Prime Minister Narendra Modi had his biggest outing of the year in addressing the US Congress in Washington on Wednesday. Shorn of the atmospherics, Modi seems to have missed the moment to get counted as the world’s leading statesmen. True, there was a surfeit of platitudes and catchy phrases such as the Indo-US relationship having “overcome the hesitations of history”. Modi also provided a preview of how India sees today’s world — “(India is) already assuming her responsibilities in securing the Indian Ocean region” — and the problems — “absence of an agreed security architecture in Asia creates uncertainty”. The world by now is well acquainted with Brand Modi — words rolling out fluently, a commanding stage presence and an innovative twist at every show.
But a Prime Minister on his fourth visit to the US should have been more forthcoming about his vision of India than could be gleaned from his party’s election manifestoes. Modi can hardly hope to excite American businessmen with an anodyne rendering of his government’s priorities or talking about the snakes in the terrorist pit next door which managers of American security and their accomplices had incubated. His take on social harmony — “all the 1.25 billion of our citizens have freedom from fear, a freedom they exercise every moment of their lives” — too sounded a shade hollow when juxtaposed against the under-reported Human Rights Commission hearing at which US Congressmen slammed his government for violence against minorities.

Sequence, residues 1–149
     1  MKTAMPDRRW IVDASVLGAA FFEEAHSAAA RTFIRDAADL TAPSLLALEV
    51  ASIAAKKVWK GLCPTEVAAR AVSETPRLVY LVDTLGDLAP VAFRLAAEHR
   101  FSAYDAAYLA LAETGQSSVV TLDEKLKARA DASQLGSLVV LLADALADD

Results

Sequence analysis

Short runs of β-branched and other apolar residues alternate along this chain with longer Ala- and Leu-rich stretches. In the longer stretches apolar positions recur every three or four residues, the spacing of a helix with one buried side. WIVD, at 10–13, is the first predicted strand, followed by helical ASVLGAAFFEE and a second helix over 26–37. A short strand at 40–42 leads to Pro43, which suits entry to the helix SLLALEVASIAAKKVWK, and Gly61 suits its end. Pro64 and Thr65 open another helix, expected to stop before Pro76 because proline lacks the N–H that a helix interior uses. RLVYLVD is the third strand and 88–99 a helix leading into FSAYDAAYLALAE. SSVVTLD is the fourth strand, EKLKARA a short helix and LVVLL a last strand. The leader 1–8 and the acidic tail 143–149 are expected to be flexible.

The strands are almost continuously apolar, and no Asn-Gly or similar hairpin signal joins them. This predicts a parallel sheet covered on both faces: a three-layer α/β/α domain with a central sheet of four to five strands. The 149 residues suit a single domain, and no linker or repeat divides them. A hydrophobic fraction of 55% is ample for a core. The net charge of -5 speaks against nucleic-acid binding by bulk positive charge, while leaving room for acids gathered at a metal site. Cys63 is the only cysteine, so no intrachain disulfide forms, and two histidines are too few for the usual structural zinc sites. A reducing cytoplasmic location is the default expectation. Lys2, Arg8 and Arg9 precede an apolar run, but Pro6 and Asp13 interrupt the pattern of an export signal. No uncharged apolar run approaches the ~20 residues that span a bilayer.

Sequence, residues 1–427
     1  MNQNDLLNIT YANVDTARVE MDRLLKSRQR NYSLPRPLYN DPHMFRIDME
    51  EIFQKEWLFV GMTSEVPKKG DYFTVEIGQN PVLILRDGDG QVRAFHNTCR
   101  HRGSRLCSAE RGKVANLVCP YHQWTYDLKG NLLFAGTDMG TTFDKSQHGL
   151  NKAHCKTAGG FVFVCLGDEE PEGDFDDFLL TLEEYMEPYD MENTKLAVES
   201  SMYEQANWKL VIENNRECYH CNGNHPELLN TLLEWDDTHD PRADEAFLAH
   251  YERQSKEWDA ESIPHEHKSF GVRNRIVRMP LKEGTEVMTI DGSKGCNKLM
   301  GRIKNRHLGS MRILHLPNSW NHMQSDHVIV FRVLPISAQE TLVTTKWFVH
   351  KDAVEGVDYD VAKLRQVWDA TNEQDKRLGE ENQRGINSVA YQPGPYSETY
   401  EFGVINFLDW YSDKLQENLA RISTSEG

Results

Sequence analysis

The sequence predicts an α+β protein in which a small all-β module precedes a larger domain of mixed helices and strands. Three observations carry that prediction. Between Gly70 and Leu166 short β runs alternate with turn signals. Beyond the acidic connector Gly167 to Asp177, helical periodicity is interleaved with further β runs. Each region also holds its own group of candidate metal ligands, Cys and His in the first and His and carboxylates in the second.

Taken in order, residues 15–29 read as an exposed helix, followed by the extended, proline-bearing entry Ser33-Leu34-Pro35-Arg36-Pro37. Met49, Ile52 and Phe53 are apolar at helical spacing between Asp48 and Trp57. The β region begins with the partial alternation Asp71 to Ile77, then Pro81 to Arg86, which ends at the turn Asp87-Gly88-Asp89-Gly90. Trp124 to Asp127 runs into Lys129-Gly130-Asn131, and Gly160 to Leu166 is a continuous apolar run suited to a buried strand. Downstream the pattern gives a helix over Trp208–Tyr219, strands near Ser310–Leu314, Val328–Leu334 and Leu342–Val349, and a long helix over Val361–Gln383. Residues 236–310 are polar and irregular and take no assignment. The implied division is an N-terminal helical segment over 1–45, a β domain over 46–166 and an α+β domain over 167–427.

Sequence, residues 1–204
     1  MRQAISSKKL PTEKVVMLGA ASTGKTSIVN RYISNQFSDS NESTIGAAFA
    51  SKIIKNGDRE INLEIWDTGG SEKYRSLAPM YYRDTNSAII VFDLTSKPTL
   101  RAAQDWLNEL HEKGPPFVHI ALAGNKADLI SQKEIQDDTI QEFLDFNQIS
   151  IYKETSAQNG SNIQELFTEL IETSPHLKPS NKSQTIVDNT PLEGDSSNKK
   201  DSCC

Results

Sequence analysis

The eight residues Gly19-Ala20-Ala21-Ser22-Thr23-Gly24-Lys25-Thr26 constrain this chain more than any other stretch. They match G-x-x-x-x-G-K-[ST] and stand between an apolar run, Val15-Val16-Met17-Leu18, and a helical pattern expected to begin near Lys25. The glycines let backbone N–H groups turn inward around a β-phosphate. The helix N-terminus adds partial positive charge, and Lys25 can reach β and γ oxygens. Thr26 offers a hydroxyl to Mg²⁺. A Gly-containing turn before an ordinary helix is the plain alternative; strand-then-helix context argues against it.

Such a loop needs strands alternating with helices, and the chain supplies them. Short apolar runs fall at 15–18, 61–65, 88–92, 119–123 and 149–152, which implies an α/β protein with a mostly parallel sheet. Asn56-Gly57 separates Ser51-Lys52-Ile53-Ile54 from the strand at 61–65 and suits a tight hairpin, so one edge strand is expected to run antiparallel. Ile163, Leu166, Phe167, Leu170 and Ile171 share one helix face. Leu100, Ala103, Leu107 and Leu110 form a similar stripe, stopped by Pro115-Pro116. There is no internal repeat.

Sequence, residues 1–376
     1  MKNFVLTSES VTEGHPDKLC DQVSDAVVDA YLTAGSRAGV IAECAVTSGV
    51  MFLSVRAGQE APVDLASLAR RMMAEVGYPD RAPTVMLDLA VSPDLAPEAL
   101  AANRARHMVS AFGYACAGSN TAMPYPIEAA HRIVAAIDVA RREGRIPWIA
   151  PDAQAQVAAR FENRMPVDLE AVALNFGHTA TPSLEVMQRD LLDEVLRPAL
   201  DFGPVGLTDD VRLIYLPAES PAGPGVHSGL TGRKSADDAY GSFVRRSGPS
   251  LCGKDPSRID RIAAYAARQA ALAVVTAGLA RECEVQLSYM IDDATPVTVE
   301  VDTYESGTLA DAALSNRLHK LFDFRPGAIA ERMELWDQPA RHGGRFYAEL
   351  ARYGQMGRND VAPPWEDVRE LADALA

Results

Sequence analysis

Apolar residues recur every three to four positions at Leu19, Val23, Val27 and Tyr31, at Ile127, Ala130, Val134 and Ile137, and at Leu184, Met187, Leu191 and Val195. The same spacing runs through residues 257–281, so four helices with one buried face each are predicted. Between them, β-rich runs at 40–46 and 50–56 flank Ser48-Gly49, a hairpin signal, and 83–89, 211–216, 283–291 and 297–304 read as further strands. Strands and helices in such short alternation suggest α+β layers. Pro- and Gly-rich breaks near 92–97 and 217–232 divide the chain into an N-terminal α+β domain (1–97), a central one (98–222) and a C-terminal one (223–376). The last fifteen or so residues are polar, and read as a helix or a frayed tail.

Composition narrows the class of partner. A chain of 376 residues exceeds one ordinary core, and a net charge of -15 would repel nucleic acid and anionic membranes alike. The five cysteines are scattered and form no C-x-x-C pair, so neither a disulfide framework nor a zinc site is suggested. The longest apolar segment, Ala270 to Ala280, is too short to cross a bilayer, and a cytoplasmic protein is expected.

However, after all the hits and misses are tallied, Modi accomplished his primary purpose of assuring the Americans that there is permanency in India’s affinity with the US in security, defense and climate change. He also managed to convey to the ordinary US politician, the country’s indispensability in the region — India was the first responder during natural calamities in Nepal, the Maldives and Sri Lanka — as well as its disagreement with the current global structures. Despite his dexterity as a communicator, Modi missed a trick or two in painting India as a country whose time has come.